Legislation pre-filed by Rep. Russell Bedsole, R-Alabaster, and Sen. April Weaver, R-Alabaster, would slash the amount of incentive time incarcerated individuals earn per day of good behavior.
The bill, titled the Deputy Brad Johnson Act in reference to the Alabama deputy killed by a formerly incarcerated man who had been let out of jail on good time, also clarifies instances in which a prisoner should have their incentive time revoked.
“As jail commander for the Shelby County jail, I know correctional incentive time is a necessary part of what ADOC is doing to incentivize inmates to have good behavior,” Bedsole said. “It appears the system hasn’t been working the way it was intended by statue. It’s set up to be like a stick and carrot dangled out there … In my experience, correctional incentive time is being automatically applied.”
The bill would significantly cut the amount of good time that could be accrued by an incarcerated individual. Currently, the most trustworthy prisoners earn 75 days of incentive time for every 30 days served as “Class I” for their trustworthy behavior. That’s 2.5 days of incentive time for every day served. This legislation would cut that down to 30 days, or one day of incentive time for one day served.
Class II prisoners, which are defined as inmates who work under the supervision of a correctional employee at all times, would earn 15 days of incentive time for every 30 days worked instead of 40 days as currently defined by law. Additionally, the law proposes that an incarcerated individual must be classified as a Class II prisoner for a full year before being eligible to move up to Class I status, doubling the current requirement of six months.
Continuing the trend, Class III prisoners would get five days of incentive time per 30 days worked, compared to 20 days of incentive time under current statute. The law again doubles the length of time from three months to six months before a Class III prisoner is eligible to move up to Class II.
Class IV prisoners under both current law and the new law do not receive incentive time.
Individuals enter the prison system as Class IV status and must work their way up the ranks to receive good time. The bill would triple the amount of time it takes to move up out of this classification, from 30 days to three months.
Under current statute, an incarcerated individual with perfect behavior could earn up to 450 days of good time in their first year in the system. Under the new legislation, a perfectly behaved inmate would earn 75 days in the first year.
By the end of year 2, under current statute, an inmate behaving perfectly would accuse 1,350 days of incentive time, or nearly four years. Under the newly proposed structure, the same inmate would earn just 225 days of incentive time.
Bedsole said his constituents are “quite comfortable with the idea of inmates serving the majority of their sentences.”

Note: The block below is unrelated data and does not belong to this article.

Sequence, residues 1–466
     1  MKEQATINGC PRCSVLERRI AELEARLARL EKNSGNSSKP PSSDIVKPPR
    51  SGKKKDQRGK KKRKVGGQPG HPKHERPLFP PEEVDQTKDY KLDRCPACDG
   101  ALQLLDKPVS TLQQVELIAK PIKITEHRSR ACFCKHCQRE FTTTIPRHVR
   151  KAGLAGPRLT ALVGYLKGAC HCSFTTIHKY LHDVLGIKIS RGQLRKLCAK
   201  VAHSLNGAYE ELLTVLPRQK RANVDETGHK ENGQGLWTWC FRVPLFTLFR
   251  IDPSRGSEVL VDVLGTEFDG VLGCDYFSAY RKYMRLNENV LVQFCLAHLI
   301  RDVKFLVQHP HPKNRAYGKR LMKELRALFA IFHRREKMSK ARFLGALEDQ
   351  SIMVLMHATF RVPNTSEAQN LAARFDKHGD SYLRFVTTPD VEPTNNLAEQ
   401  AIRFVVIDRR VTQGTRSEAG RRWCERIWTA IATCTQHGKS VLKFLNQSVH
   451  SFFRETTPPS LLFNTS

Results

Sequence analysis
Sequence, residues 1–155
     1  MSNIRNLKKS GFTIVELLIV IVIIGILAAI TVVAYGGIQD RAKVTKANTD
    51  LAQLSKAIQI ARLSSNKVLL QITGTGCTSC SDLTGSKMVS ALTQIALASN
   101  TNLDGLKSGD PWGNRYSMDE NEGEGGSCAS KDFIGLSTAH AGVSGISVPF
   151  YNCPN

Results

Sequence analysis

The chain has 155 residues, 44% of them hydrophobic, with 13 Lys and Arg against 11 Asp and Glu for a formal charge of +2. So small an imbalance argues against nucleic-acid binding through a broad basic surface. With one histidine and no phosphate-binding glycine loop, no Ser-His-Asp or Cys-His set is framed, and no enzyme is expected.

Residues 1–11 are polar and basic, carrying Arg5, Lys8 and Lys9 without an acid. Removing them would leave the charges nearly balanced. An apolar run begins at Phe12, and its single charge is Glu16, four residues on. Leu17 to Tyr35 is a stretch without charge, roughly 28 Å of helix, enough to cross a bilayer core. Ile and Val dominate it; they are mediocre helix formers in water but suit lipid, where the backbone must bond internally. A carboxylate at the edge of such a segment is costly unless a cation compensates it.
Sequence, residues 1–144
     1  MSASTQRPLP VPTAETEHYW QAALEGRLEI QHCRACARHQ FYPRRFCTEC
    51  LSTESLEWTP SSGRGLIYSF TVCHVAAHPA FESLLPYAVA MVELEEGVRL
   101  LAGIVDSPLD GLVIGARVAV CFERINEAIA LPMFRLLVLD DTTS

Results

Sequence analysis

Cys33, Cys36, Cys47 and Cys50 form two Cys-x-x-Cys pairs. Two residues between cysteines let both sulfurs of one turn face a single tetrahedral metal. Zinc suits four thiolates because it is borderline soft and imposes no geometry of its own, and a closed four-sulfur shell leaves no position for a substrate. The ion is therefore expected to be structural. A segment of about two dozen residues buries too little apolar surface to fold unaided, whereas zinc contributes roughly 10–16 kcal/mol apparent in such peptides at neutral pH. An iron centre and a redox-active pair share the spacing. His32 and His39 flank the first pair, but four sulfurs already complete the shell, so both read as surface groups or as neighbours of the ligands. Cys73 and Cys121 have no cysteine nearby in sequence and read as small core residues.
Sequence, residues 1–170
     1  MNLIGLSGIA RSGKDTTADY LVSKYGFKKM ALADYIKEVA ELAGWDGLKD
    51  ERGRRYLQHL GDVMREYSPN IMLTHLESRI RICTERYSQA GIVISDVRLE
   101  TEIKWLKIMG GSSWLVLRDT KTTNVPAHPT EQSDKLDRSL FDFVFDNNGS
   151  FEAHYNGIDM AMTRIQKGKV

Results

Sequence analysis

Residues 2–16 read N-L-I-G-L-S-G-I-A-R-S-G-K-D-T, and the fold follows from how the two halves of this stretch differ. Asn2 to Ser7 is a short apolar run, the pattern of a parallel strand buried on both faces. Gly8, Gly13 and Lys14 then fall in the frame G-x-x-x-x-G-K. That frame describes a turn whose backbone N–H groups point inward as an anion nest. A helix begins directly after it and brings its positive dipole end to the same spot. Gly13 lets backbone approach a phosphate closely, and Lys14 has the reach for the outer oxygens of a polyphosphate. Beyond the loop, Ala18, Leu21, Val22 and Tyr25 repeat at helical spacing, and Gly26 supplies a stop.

Bedsole said he looked at the changes from the perspective of someone running a correctional facility, and what would be fair to offer as an incentive, vs what would be fair if he was inside the system.
“For me, that’s a fair and realistic goal,” Bedsole said. “You’re expected to abide by the rules, if you abide by the rules, for every day you behave yourself, you earn a day decrease of your sentence.”
The bill is named for Deputy Brad Johnson, who served with the Bibb County Sheriff’s Office in Bedsole and Weaver’s district. However, as APR previously reported, Johnson’s accused killer was let out on good time due to missteps by both state and county officials. Austin Patrick Hall had previously assaulted a correctional officer and escaped from prison for an entire month, but his correctional incentive time was never rescinded.
“To be fair, there is and was some debate over whether the accused in this case had benefitted from this good time statute,” Bedsole said. “I don’t want to get into a debate about that piece of it, but there was enough information there to reconsider (the good time laws).”
This legislation clarifies escape as one of nine prison rule violations that should lead to incentive time being revoked. Others include homicide, assault that causes serious physical injury, holding hostage, sexual assault, inciting a riot or rioting and arson.
The legislation also spells out a report that must be provided to the Legislature each year, detailing how many prisoners are in each classification, the number who change classifications, and the number of individuals who forfeited their incentive time due to a violation.
Bedsole said he expects criticism of the bill from people who “advocate for early release of prisoners.”
“Should we be concerned about our prison system? I would say yes,” Bedsole said. “But we should not be afraid to try to address the issues before us.
“In my first session in 2021 we had numerous bills presented to help fix our prison problems. Every one of those bills had the common element about releasing inmates early to reduce the inmate population. It’s almost as if we are continuing to victimize the victims all over again. They stood bravely before their offender to hold that person accountable, and as lawmakers we have found ways to let individuals out early to fix the prison system. What about the rights of victims in our state?”
The regular session begins on March 7.